May 10, 2019Guillaume Cornet9 min read
At its beginning, the web gave us the possibility to view pages online that contained links to other pages, and that was basically it. All the applications, like text editor, were run on the desktop.
But since then, our way of using the web has significantly changed, and it is now used for many different purposes, from working simultaneously on a document to browsing social media or playing online games. The user experience is the main focus, and as a consequence, the demand in terms of performance is constantly increasing.
We tend nowadays to take the web for granted, forgetting that it has completely changed our way of working together.
I remember being in middle school and having to prepare a presentation with a friend. We were using Microsoft Office Powerpoint to do the slides.
The first step was to install Powerpoint on the new computer my parents had just bought. After inserting the 3 installation CDs, the setup was complete.
Then, I had to share the project with my friend. The problem was that I had the brand new Powerpoint 2007 version, so when he tried to open the project with his 2003 version, all the outline was broken.
I had to re-export the project in compatibility mode and re-send it to him, removing some slick animations in the process.
Finally, the day of the presentation finally came, so we opened the folder on the USB stick to get the presentation only to find...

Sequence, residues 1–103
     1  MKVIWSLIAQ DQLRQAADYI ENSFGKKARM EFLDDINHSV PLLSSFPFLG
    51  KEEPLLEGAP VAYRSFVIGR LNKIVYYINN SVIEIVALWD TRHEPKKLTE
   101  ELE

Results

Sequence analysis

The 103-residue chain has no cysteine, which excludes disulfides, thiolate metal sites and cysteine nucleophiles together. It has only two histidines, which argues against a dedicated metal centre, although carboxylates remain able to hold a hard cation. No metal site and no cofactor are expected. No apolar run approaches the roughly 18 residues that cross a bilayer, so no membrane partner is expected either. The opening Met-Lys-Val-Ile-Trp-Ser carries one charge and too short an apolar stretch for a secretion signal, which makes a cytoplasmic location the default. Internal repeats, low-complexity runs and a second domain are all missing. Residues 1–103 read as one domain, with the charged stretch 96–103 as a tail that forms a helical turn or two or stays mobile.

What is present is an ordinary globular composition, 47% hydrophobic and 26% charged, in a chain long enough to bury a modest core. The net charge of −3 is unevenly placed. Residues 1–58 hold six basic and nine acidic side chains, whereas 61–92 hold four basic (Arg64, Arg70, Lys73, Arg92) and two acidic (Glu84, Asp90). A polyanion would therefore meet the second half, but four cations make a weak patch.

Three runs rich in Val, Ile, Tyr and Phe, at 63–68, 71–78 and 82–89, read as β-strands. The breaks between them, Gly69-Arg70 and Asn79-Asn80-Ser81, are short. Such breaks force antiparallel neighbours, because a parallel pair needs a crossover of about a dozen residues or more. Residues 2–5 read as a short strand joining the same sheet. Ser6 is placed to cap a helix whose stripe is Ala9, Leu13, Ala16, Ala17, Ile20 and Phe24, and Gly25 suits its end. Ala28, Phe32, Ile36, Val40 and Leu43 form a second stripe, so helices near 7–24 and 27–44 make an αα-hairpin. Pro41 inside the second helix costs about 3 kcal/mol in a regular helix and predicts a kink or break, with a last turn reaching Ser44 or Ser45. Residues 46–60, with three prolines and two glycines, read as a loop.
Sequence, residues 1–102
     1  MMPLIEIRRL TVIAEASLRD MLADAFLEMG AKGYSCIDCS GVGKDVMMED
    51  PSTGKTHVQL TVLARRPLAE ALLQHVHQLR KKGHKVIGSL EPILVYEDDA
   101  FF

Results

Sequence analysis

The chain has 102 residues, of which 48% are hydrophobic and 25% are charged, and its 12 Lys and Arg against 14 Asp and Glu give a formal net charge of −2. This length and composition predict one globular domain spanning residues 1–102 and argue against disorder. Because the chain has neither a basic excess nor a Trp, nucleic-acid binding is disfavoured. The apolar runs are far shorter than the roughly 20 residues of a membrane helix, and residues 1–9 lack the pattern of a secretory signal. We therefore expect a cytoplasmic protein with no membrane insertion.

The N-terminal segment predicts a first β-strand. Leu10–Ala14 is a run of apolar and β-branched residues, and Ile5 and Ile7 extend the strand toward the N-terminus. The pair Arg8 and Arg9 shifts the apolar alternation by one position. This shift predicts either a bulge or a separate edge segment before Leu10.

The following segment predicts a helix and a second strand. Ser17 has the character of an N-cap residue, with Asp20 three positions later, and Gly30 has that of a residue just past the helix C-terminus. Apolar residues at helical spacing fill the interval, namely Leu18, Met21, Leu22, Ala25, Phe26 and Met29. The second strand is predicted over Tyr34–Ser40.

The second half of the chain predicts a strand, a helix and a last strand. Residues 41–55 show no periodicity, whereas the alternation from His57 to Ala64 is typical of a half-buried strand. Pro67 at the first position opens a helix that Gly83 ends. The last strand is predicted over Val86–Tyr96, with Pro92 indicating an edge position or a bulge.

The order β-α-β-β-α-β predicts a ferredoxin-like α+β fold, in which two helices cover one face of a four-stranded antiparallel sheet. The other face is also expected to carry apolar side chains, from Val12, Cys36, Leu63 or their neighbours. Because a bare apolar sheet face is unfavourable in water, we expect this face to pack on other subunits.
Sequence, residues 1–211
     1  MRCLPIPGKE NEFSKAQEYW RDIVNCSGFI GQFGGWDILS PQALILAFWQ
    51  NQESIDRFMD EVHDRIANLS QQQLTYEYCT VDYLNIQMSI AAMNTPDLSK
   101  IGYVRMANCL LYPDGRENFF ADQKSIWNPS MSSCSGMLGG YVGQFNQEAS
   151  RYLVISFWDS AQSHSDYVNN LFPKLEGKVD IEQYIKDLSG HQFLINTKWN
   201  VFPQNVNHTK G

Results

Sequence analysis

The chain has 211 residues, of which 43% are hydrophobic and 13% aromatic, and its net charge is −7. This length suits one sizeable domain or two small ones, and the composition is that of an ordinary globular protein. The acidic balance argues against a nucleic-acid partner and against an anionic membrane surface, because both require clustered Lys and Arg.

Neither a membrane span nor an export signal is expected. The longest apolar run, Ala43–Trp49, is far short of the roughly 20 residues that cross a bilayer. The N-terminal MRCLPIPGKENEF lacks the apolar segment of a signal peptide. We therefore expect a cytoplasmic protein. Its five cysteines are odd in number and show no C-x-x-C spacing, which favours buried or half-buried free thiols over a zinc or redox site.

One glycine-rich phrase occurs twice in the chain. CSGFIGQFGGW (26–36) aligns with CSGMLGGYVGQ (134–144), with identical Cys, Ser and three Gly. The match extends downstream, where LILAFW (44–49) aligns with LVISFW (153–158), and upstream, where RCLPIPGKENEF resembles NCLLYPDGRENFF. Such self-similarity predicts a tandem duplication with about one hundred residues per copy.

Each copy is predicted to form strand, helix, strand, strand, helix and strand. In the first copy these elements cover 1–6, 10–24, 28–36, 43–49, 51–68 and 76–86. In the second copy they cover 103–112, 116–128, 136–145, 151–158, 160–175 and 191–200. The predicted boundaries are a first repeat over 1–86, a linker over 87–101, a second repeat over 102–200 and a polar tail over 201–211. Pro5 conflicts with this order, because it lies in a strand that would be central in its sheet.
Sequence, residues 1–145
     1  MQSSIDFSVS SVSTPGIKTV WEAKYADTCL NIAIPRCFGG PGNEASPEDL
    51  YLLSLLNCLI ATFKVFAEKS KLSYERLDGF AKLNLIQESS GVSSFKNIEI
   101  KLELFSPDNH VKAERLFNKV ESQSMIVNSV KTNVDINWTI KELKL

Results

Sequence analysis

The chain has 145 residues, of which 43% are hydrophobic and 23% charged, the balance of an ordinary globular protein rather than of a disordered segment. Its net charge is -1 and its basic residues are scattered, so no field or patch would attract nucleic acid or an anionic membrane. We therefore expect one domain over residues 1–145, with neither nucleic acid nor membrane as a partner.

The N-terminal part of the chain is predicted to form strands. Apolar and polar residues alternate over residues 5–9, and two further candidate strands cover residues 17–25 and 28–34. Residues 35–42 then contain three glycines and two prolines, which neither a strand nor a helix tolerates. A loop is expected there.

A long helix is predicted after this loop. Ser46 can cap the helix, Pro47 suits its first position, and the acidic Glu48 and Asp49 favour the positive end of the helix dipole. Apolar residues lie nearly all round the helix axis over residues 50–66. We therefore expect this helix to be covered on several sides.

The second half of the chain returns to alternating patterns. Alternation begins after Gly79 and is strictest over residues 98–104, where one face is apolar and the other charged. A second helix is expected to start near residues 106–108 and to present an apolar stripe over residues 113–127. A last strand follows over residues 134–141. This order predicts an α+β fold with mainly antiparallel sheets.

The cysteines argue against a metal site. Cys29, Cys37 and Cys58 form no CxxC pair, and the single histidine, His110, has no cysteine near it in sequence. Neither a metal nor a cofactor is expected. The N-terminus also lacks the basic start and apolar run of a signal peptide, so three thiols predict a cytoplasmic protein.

So when google slides arrived, it opened a new perspective :
Once you make this realization for google slides, you start thinking: why do we still have desktop applications, like Photoshop? Wouldn't it be much more convenient to be able to run it in the browser?
Because of the way it was conceived, they are inherent limitations to the language. To understand clearly what these limitations are I need to make a brief reminder of what the two main types of programming languages are and how they work.
The reason we need programming languages in the first place is that our computers only speak in bits sequence (0 & 1).
This is a CPU (Central Processing Units). It contains an Arithmetic and Logic Unit that does elementary operations (addition and subtraction) and a short term memory, the registers. When it receives a bit sequence, it is interpreted as an elementary instruction. For instance, this sequence would mean: add the content of R2 to the content of R1 and put the output into R3.
We humans do not have the ability to read easily the bits sequence, which is why we created programming languages.
There are two main types that I would like to describe :
For compiled languages, the program is read in two key steps :
This enables the compiler to make some optimization of the code before the execution so that it is faster and more efficient. The counterpart of it is that there is a compilation time every time the developer needs to execute the program after making a small modification.